Bus rides and mountain summits

The last five days have been all about endurance, in the form of long bus trips and mountain climbing. Over two days I spent a total of 25hrs on buses to go from Chachapoya, via Chiclayo and Trujillo, to get to where I am now in Huaraz which is known as the Chamonix of the Andes.

Not much I can say about the bus trips, apart from finding a cure for feeling car sick while reading a book. The trick is to find a book that is so damn good that you couldn’t put it down if you were traveling by harrier jump jet.  ‘Kiterunner’ in this case.

Having arrived in Huarez I booked up to go on a three day rock climbing course, but a local village is on strike (protesting against a gold mine being put in their lake) and they’d blocked the road we needed to take.  When we got back to the tour operator they offered us an alternative – we could climb the 5686m high mountain called Vallunaraju. The climb takes only 24hrs, which I thought was a little quick given how high it is, but the tour operator was reputable and the guide was excellent so I said yes.

After a two hour drive to the start we began with a three hour hike up what seemed like a near vertical rock face. By the time we got to base camp my calves were already shot to pieces and I knew I was in for a tough day ahead. We pitched the tent and tried to get some sleep. I was suffering a bit from the altitude so only managed to sleep for an hour or two before we got up at 1.30am to start the climb (most of the mountain is covered in snow and it’s easier to walk on snow during the night).

We put on our crampons and roped up (in case one of us fell in a crevasse). About ten minutes after we’d set off I was suffering from altitude sickness and started vomiting. Now the problem with being sick, apart from being horrid, is that you lose any food inside you. If you are at home in bed then its not such a problem, but its not exactly ideal if you are facing a 6hr climb with about 2000m of ascent. Anyway, we carried on and fell into a routine of walking for about 20mins before I had to stop to be ill or just to catch my breath. We made it to the top by about 8.30am. I was relieved and looking forward to going back down hill, but the snow had started to melt and with every step our feet sank by about 2 foot. I got back to Huaraz feeling more exhausted then I have ever been after any event I have ever done.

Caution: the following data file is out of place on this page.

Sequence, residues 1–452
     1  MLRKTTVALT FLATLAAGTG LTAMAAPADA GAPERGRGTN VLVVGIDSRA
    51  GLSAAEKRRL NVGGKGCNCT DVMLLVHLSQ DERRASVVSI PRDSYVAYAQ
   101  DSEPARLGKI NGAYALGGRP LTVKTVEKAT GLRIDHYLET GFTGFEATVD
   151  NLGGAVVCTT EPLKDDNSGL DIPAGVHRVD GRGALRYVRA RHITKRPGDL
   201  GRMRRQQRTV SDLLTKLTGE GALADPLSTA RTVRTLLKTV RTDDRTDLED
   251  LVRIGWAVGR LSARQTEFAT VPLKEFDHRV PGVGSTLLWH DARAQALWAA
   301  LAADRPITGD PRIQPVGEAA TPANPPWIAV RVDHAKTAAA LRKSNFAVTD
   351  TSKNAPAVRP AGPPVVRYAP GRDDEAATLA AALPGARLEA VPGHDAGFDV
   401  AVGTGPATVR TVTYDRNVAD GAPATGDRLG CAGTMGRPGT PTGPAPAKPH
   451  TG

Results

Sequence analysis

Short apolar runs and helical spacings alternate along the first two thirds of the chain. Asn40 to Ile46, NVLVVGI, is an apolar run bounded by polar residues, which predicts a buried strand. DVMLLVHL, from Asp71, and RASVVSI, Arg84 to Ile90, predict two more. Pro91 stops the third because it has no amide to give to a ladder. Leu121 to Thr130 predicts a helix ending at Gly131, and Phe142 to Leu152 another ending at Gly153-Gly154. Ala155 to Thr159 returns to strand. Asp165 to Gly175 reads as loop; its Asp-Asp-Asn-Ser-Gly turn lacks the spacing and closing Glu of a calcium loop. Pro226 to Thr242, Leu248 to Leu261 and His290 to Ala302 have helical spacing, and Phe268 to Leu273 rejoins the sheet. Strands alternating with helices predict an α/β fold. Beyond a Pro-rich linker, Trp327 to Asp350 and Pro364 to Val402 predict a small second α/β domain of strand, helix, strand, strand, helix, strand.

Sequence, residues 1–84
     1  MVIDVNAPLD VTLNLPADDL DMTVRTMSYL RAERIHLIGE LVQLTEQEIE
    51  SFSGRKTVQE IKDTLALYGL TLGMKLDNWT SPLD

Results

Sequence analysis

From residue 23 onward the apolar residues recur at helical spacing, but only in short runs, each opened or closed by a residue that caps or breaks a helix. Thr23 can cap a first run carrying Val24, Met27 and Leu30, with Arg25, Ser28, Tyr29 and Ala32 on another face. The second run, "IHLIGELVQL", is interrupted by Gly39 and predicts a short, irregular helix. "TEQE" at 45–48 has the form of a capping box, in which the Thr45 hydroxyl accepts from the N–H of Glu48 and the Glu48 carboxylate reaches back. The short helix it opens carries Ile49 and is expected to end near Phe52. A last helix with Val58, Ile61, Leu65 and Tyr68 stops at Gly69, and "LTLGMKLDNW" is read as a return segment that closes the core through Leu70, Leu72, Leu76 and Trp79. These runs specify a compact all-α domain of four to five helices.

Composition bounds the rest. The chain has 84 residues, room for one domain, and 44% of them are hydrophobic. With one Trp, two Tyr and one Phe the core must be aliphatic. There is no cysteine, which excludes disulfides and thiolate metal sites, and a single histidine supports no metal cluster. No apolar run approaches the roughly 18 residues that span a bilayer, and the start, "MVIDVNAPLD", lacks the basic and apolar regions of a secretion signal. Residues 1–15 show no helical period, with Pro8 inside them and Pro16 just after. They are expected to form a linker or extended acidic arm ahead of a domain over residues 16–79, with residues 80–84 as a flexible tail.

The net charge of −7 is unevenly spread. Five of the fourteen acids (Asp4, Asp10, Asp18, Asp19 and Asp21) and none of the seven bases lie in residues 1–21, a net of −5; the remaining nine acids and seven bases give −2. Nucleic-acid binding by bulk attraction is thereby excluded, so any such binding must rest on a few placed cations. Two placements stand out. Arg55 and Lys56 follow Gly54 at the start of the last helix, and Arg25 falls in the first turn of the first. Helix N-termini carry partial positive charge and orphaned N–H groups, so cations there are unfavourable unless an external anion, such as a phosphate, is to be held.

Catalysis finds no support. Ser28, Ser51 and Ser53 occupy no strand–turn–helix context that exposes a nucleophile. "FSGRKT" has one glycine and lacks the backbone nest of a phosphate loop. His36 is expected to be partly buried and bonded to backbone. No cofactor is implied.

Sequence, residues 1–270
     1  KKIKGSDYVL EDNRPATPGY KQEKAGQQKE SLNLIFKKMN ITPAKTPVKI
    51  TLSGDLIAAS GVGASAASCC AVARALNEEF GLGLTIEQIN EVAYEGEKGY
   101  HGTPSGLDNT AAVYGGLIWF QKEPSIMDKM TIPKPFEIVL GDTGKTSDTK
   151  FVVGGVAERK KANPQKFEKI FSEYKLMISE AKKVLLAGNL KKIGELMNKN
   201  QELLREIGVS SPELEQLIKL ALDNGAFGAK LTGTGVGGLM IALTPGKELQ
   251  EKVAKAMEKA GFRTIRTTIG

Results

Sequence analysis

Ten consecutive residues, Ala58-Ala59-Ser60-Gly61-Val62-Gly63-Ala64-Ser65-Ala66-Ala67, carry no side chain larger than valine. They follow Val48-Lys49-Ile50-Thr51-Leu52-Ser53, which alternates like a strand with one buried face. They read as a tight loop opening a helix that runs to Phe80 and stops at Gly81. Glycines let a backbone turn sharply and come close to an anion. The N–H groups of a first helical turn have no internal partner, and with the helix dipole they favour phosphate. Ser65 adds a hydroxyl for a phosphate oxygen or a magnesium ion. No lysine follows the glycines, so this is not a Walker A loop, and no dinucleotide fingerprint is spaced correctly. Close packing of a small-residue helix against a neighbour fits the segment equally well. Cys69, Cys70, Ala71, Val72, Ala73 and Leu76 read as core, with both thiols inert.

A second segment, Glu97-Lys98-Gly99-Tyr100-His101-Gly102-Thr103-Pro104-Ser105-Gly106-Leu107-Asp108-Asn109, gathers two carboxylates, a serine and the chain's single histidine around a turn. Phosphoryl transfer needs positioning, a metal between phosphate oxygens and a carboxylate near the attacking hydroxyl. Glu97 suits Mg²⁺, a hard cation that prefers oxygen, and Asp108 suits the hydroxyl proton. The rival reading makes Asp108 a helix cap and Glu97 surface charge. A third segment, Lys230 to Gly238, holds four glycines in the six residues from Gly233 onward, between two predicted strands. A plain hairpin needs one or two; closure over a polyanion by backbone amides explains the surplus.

I went straight to an Italian restaurant for a well deserved feast. While I sat there eating two pizzas and a lasagne I kept asking myself why I had carried on and not quit. While I was on the mountain I thought about stopping every 5 mins but never did. I wondered why. I hadn’t told anyone I was climbing so there would be no shame. I had never met the guys I was with before and they didn’t need me. Its not an Everest, Kilimanjaro or Aconcagua so there was no kudos to be had. The trip only cost 100 dollars so I hadn’t invested much money. The view from the top was no better than it was at 5000m and I had a perfect excuse for stopping in that I was ill. So the first genuine reason I could think of for continuing is that I must just be a bit stupid. Or perhaps its because I knew deep down that I would feel stronger, physically and mentally, the day after. Or that all those small things in life would seem so so much better – such as a shower, clean clothes, pizza, coffee and sleep. Or maybe its because giving up is addictive and once you start then you might not be able to stop. Nah, none of those would have kept me going if i’d have thought of them at the time, so I think I am just a bit stupid. But i’m happy with that. Being a bit stupid makes life more interesting.   

I’m having a well deserved rest now, so I dont suppose there will be much to write about for a day or two.

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